Long Stock, Short Fence
Routing long, stiff pieces such as handrails, presents a couple of problems. First, it’s very hard to get (or make) stock that’s extremely straight and 12' to 14' long. Second, a piece that thick won’t flex, so a featherboard isn’t going to keep it tight against your fence.
The solution? Use two short fences, each about 5" long. If your workpiece is slightly curved, the bend won’t affect the shape of the profile very much.
I also use short fences on my tablesaw in some situations. When ripping a board, internal forces may cause it to spread apart as it is cut. The right-hand side of the board then binds against the fence and the blade. Dimensional softwood lum- ber is much more prone to this problem than kiln-dried hard- wood, but you never know.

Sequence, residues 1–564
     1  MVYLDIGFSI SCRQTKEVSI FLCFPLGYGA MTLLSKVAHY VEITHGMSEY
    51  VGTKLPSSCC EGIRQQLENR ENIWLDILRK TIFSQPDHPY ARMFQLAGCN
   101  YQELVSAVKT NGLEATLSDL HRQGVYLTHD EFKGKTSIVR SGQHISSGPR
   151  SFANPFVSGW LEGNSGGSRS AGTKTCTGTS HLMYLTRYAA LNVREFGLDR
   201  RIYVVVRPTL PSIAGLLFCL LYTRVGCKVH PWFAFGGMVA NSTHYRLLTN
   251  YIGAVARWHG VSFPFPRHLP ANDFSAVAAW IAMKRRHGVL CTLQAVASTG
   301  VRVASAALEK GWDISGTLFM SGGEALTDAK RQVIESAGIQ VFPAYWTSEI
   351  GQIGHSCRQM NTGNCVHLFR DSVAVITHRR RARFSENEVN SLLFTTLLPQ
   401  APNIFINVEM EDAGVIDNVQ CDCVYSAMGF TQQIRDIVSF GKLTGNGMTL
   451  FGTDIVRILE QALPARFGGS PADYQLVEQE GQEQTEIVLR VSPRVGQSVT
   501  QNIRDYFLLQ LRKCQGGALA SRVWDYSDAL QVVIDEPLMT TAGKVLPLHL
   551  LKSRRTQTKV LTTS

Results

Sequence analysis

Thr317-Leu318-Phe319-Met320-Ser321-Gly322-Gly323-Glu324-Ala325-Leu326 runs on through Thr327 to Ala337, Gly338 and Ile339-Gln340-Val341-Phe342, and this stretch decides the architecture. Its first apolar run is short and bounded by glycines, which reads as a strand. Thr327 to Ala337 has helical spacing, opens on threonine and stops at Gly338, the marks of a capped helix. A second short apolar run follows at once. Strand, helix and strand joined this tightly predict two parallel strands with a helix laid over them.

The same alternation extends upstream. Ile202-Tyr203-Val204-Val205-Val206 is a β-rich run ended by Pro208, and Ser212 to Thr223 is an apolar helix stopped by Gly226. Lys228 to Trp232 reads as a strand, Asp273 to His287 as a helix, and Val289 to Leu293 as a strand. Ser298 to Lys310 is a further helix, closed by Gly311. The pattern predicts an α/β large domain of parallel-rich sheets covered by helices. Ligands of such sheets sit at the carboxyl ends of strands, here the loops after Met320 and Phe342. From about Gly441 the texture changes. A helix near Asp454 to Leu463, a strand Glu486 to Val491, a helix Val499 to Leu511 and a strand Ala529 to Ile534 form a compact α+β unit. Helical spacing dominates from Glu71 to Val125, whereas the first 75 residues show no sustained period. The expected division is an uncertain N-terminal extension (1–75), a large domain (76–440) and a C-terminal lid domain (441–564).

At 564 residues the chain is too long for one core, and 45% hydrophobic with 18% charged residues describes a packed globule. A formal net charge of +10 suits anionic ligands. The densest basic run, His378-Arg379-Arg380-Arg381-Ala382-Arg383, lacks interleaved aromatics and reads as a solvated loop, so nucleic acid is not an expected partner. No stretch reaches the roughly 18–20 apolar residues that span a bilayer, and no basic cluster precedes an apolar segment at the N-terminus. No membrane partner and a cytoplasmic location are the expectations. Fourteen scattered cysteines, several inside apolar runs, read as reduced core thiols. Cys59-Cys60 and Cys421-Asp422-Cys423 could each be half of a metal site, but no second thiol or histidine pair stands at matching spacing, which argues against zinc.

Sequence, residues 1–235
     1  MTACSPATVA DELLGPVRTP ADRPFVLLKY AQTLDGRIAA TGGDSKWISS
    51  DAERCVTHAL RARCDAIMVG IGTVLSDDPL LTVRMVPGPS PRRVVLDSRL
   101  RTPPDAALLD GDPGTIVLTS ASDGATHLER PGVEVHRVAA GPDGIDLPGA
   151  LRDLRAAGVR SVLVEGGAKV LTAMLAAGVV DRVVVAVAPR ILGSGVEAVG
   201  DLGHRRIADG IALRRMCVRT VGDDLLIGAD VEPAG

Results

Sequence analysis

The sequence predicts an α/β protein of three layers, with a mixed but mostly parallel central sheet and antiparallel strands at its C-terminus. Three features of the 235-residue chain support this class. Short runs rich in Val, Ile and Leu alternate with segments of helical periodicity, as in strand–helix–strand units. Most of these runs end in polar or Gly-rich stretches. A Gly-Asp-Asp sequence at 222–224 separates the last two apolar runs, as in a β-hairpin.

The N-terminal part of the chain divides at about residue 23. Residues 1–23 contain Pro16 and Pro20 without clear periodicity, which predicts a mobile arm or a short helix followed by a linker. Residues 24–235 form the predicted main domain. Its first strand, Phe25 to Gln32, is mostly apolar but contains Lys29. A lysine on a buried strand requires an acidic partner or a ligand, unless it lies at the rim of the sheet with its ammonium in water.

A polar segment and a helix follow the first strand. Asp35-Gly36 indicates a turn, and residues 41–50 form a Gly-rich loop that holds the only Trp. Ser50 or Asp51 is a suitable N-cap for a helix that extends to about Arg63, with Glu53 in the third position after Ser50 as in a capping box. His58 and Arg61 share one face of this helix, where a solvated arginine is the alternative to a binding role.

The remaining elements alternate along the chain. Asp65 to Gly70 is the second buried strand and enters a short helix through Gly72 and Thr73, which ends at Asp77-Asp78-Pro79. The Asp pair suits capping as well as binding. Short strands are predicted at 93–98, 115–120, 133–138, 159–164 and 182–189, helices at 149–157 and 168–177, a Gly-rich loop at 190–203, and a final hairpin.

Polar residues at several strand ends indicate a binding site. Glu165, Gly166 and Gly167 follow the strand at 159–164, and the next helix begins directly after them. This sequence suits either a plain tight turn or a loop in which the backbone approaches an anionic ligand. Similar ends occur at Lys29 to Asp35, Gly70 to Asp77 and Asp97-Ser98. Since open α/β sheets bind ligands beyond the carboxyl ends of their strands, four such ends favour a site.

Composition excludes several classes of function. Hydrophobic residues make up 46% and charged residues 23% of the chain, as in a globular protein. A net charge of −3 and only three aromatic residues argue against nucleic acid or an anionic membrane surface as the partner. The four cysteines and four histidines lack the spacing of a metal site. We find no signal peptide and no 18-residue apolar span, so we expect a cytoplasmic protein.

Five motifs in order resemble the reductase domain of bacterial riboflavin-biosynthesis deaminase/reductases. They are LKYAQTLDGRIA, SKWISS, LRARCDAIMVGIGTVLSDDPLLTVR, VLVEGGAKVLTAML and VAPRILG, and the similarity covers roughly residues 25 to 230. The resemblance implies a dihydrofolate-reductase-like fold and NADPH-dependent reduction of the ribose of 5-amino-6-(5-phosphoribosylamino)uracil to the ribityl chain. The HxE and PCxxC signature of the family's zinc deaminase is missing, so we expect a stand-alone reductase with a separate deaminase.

You should always use a splitter or riving knife on your saw to prevent kickback from this kind of binding, but you’ll probably get burn marks on the board’s edges. The binding may get so bad that you can’t push the board the rest of the way through the cut.
A short fence solves both problems. If I’m ripping cedar for an outdoor project, for example, I clamp a short sub-fence to the saw that stops right at the point where the workpiece clears the blade. If the board starts to warp, it has nothing to push against. — Cliff Thornton